Denver Recognized for Using Data, Evidence to Improve Residents' Lives
Published on December 15, 2021
Denver among first 50 cities to achieve What Works Cities Certification
The City and County of Denver has been named one of 10 new cities to have achieved What Works Cities Certification, in recognition of their exceptional use of data to guide their decision-making and improve residents’ lives. What Works Cities Certification - the national standard of excellence in data-driven city governance - evaluates how well cities are managed by measuring the extent to which city leaders incorporate data and evidence in their decision-making. What Works Cities is a national initiative launched by Bloomberg Philanthropies to help cities use data and evidence more effectively to tackle their most pressing challenges. This new cohort of cities joins 16 cities honored earlier this year, bringing the total number of U.S. cities certified for outstanding data practices to 50.
“Denver’s proud to be recognized by What Works Cities as one of the first 50 cities in the country to be Certified for our investment in data and transparency as part of our decision-making processes across the city,” Mayor Michael B. Hancock said. “Using data to help us empower our community and improve outcomes in health, housing and safety is critical, and we look forward to building on this achievement moving forward to continue making a positive impact on the lives of all our residents.”
“The most effective mayors use data to define problems and craft bold new solutions, and this milestone of 50 certified cities highlights the critical progress local governments are leading across the country,” said Michael R. Bloomberg, founder of Bloomberg LP and Bloomberg Philanthropies and 108th mayor of New York City. “By building a culture of data-driven decision-making, these cities will be more resilient and better equipped to fight climate change, protect public health, increase economic mobility, and much more.”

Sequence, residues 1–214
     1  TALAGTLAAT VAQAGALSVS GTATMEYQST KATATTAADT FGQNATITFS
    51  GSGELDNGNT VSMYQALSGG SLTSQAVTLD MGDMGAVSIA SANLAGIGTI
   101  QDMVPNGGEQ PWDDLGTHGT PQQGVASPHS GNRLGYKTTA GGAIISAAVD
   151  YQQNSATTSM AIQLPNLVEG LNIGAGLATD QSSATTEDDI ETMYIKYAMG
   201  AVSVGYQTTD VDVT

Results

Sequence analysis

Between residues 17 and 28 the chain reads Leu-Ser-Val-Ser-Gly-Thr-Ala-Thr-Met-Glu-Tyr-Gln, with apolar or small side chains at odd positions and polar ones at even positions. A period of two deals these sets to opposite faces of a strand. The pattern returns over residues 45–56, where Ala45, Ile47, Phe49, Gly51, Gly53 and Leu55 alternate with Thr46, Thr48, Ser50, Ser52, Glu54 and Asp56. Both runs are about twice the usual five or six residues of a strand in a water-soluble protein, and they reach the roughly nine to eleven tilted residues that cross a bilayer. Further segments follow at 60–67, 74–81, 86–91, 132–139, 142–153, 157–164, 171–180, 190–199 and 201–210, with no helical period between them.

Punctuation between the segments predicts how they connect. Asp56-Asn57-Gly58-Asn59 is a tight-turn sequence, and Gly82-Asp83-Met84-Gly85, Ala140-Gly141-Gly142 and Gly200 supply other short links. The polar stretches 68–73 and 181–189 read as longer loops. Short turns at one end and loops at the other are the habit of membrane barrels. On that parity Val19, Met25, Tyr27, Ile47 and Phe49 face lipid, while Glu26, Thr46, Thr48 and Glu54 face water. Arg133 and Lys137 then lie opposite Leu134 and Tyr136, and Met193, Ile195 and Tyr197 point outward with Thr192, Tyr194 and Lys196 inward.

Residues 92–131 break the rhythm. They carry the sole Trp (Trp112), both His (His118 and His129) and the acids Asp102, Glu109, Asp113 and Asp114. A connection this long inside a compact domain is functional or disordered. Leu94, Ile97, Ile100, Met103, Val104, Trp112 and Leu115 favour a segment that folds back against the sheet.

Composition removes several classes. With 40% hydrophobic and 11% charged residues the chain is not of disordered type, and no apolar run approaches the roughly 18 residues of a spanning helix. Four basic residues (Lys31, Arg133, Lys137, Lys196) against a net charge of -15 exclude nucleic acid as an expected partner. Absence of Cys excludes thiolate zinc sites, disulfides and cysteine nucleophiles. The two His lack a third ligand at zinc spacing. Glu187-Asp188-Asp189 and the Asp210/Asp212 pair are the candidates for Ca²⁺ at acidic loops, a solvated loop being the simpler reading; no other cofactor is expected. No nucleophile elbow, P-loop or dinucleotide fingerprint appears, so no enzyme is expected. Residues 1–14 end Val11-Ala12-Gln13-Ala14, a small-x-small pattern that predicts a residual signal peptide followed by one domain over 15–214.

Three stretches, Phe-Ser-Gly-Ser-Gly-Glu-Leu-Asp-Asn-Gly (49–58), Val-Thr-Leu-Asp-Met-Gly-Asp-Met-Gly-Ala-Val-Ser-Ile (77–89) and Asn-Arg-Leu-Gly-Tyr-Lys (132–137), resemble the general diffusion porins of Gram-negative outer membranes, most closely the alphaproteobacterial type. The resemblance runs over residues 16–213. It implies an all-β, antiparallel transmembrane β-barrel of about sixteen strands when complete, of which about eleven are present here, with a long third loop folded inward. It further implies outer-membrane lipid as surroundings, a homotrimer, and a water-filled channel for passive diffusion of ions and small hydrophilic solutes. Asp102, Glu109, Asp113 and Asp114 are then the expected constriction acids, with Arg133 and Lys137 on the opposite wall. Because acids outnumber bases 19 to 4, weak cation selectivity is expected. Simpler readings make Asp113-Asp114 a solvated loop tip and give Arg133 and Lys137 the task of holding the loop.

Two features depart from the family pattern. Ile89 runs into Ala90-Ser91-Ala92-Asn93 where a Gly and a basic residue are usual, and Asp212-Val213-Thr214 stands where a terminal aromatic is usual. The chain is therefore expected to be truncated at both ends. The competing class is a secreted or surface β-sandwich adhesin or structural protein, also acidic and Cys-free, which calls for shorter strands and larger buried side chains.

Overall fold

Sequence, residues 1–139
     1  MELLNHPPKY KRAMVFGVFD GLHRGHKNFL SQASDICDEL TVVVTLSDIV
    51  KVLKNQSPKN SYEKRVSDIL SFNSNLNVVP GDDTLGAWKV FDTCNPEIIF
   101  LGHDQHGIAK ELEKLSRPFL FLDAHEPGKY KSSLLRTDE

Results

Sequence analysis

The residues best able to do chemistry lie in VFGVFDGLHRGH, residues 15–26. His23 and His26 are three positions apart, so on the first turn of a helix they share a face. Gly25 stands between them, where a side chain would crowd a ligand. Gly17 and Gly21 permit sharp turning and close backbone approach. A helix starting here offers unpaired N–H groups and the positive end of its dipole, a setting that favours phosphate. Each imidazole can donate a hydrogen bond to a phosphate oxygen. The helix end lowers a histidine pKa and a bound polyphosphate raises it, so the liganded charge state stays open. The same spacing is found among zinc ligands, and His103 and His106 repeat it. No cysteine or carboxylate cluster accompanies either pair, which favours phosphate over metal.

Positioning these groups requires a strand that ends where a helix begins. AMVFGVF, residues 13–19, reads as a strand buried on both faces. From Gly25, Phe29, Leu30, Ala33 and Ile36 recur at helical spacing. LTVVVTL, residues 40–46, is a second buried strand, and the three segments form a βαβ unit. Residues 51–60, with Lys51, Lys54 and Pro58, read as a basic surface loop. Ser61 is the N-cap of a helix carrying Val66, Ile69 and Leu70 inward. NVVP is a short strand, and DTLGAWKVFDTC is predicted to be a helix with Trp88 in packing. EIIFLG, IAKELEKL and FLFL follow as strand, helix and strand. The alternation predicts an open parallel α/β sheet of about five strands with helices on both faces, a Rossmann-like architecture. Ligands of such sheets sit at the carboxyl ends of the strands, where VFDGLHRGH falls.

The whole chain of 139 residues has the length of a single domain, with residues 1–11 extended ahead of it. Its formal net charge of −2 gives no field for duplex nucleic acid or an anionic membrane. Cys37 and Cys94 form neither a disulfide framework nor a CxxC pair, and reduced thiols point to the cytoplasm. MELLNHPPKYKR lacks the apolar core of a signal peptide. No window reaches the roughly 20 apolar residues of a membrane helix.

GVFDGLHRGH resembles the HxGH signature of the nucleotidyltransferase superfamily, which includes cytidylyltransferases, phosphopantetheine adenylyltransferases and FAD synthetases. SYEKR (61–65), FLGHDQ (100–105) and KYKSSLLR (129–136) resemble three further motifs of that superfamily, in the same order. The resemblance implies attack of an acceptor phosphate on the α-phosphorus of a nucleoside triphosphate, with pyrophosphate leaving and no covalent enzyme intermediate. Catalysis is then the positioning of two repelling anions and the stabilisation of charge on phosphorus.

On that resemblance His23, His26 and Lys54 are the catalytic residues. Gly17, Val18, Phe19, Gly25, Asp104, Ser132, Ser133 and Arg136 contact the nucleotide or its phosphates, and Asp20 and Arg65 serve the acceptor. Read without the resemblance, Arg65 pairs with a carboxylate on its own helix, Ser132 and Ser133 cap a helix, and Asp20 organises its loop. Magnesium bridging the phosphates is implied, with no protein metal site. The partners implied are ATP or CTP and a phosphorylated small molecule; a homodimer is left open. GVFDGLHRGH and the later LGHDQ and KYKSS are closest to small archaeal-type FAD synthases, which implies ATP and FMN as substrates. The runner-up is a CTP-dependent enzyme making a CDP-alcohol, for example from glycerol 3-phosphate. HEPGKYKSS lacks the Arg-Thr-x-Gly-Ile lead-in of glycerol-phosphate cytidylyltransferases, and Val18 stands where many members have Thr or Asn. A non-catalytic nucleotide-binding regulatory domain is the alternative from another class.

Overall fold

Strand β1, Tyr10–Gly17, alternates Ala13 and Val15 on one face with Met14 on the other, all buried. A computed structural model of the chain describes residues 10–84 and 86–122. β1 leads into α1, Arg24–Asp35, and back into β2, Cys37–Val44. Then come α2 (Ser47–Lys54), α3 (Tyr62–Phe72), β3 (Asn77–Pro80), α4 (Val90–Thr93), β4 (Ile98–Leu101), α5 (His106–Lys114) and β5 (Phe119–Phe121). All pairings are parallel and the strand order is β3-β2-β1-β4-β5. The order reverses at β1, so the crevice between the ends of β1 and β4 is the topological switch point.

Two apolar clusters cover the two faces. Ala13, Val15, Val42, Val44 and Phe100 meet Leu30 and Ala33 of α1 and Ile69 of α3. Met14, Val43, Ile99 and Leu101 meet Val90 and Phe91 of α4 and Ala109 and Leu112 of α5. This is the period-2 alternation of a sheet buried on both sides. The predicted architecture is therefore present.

What Works Cities Certification assesses cities based on their data-driven decision-making practices, such as whether they are using data to set goals and track progress, allocate funding, evaluate the effectiveness of programs, and achieve desired outcomes from contracts with outside vendors. The program also measures whether cities are publicly and transparently communicating about their use of data and evidence.
Over the past year, Denver has demonstrated measurable progress on these foundational data practices. Some notable examples of the city’s use of data include:
- The Hancock Administration’s Denver Support Housing Social Impact Bond Initiative was the first pay-for-success Housing First model of its kind. Denver has successfully increased housing stability and decreased jail stays among participants who were experiencing chronic homelessness and had frequent interactions with the criminal justice system. From 2016-2020, 365 individuals were served and 77 percent remained in stable housing after three years. The project was so successful, it passed the contract threshold in which investors agreed to share success payments with providers. The success of the Social Impact Bond helped Denver secure a $5.5 million grant from the U.S. Treasury Department to build on that effort and house and support another 125 people over the next seven years. Denver is the first US city to receive a Social Impact Partnerships to Pay for Results Act award (SIPPRA) from US Treasury.